He indicated in parliament that the domestic bonds were issued in a competitive and transparent bidding process managed by Joint Book Runners namely, Barclays, Stanbic and Strategic African Securities (SAS).
The book runners, he maintained, were engaged by the previous government for similar bond issues and that there was no secrecy in the process, insisting that it was transparent.
The Finance Minister was in parliament to brief the house on the issuance of the bond upon the request of the minority National Democratic Congress (NDC) through the invocation of Half-Hour Motion by the minority leader, Haruna Iddrisu on Wednesday, May 31.
The minority claimed that there was a conflict of interest situation in the issuance of the bond since one Trevor G. Trefgarne, who represented Franklyn Templeton – the company that bought the chunk of the bond issued in April – was a director of Enterprise Insurance which the minority claimed the minister had interest in.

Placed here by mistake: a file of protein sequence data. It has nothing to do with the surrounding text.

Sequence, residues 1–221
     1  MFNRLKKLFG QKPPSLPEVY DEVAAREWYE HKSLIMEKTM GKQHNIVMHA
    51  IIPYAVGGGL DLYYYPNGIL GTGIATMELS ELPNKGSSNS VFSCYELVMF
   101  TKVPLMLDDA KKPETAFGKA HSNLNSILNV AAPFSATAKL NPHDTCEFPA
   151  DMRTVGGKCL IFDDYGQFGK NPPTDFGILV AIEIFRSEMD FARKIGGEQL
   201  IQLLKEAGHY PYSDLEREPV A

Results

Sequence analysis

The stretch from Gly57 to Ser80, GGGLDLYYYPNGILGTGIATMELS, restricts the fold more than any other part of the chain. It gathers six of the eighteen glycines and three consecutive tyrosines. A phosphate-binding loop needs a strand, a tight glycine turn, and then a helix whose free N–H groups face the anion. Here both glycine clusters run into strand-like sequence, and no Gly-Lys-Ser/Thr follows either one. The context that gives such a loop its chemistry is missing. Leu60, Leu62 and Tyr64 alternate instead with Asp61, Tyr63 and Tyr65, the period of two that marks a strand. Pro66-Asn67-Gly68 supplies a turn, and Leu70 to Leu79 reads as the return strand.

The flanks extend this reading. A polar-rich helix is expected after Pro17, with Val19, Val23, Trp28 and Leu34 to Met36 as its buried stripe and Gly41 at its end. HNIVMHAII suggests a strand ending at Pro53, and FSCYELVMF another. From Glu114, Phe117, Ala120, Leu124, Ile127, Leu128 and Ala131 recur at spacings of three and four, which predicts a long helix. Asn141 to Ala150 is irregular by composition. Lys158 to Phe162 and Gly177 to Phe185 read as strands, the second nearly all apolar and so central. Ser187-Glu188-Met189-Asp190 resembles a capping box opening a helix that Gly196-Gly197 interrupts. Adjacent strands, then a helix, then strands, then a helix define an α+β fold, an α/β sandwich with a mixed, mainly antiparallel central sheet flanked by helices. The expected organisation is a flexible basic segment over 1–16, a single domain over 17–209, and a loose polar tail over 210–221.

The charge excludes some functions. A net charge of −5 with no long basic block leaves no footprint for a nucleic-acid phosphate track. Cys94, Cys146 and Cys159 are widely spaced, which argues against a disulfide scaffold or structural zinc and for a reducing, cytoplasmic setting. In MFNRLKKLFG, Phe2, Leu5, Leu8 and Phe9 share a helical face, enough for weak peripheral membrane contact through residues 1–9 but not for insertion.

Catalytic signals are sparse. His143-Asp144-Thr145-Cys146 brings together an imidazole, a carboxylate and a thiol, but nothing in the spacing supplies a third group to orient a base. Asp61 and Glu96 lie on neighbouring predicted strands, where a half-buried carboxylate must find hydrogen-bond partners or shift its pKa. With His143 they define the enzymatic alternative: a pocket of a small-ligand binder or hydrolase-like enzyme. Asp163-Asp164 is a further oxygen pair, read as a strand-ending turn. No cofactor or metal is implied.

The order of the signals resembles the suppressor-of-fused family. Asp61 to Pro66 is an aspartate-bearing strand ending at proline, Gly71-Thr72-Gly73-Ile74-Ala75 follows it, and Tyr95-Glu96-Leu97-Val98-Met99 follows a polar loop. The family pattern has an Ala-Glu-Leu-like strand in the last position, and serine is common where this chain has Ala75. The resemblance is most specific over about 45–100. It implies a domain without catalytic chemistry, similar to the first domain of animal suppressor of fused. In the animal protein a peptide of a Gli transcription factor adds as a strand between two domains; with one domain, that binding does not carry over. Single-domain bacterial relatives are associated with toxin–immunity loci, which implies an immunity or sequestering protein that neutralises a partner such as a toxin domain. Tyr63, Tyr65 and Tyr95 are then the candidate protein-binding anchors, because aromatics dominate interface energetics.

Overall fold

Enterprise Insurance had Ken Ofori-Atta as a director.
But in his response on the floor, the minister said there were no breaches in integrity during the transaction, insisting that any such allegation of integrity deficit is borne out of lack of understanding of the transaction.
“It may be tempting to say that the apparent attempt to manufacture some form of integrity deficit is generally borne out of a lack of understanding of the actual process on the part of the manufacturers. But, that may be deemed too charitable, considering the CVs of some of the personalities involved.
“We in the ministry have nothing to hide. We know the cynicism at the ministry but we have been placed in this position by the president because of our experience, our network and competence,” Mr Ofori-Atta underscored. He stressed that the economic management team of this government would continue to do its best to convince the world to have faith in the economy since the team has a considerable network of decision-makers globally and sufficient credibility within the investor community.